Arbor Resources Blog Updates
Niwa principal scientist for climate Brett Mullan said that, while we continue to pump greenhouse gases into the atmosphere, we will continue to break records.
Mullan said the warmer conditions could be bad news for the horticulture industry, aiding the spread of crop diseases and pests.
But Dairy NZ spokesman Andrew Reid said a hot year was not necessarily a bad thing for dairy farmers, provided it didn't turn into a drought.
"Typically hot conditions are a good thing, because it means good pasture if you have moisture in the soil. If it turns into dry conditions then farmers need to ensure they have a plan in place."
This year it had been unusually wet weather that was affecting production, he said.
New Zealand's average temperature for 2016 is currently sitting at 0.94 degrees Celsius above the 1981-2010 average.
Christchurch was less of a departure from the norm, but still had its hottest year since 1998.
At Niwa's Baring Head Clean Air Station, near Wellington, the levels of carbon dioxide – the primary greenhouse gas contributing to atmospheric warming – also broke records, passing the 400 parts per million (ppm) threshold in June.
Globally, the World Meteorological Organisation said 2016 was set to be the hottest year by a significant margin, with temperatures 1.2C above pre-industrial times.
If confirmed by the year's end, it would mark the third record year in succession.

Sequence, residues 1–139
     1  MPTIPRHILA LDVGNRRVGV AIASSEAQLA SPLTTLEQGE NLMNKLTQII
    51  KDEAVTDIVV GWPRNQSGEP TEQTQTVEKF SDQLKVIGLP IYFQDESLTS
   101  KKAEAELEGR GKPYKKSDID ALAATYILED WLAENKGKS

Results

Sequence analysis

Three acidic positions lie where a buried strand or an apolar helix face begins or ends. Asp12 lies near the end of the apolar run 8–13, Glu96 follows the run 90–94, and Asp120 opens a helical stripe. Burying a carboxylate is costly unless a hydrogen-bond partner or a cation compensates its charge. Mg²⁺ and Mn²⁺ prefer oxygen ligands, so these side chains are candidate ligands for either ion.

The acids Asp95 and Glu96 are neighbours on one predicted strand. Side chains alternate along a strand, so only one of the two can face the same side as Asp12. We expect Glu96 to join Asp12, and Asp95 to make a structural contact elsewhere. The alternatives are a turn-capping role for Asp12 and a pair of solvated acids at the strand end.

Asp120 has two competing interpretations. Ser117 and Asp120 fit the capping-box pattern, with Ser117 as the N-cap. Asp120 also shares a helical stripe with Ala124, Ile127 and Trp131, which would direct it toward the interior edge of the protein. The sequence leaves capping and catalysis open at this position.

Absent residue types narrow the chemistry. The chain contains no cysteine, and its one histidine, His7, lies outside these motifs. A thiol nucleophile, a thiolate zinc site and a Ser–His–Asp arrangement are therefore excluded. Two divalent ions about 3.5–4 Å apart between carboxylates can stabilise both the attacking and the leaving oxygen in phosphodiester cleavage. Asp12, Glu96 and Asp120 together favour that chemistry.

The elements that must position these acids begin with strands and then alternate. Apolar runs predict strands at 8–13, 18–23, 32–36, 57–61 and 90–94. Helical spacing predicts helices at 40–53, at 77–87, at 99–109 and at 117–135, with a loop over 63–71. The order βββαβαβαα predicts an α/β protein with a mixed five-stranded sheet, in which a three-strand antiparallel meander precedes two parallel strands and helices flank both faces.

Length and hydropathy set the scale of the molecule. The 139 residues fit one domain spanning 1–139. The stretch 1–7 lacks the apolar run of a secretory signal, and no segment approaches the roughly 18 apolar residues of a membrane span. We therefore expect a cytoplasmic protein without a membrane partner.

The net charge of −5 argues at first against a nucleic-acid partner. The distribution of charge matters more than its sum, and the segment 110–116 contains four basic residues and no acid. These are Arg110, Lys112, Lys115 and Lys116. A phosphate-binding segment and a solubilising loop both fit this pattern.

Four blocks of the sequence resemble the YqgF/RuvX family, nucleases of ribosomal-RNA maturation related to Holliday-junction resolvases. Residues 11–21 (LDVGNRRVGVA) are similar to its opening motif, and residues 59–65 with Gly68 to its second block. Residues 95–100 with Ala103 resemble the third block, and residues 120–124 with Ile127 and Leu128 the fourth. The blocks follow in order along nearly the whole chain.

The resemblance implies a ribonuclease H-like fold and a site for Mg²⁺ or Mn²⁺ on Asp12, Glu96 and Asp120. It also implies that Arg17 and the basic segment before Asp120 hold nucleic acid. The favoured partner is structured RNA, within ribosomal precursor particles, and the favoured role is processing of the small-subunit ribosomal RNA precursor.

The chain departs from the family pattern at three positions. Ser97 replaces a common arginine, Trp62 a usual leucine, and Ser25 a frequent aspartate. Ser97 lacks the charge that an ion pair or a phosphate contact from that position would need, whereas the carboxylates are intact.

Temperatures for the rest of the year would have to drop markedly, to more than 1C below normal for the next three weeks, to avoid the record being set.
Mullan said Kiwis would not bear the brunt of the warming, which would fall heaviest on areas that were already very hot, including India and the Middle East.
The first six months of this year were exceptionally warm, which Mullan said was a consequence of the long-term regional warming trend caused by greenhouse gases and local natural variability.
"Natural variability acts like a tailwind or headwind, pushing local temperatures either above or below the long-term trend. In 2016, sea surface temperatures in the Tasman were exceptionally warm and there was more northerly flow than usual over New Zealand, pushing local temperatures above the trend."
National measurements date back to 1909. During this century, only four years have recorded colder-than-average temperatures: 2004, 2006, 2009, and 2012.
This year, August was the only month that dipped below normal.
Mullan said he expected to see the record for the hottest year beaten repeatedly in coming years.
"I don't expect to ever again set a record low temperature. Those have come and gone."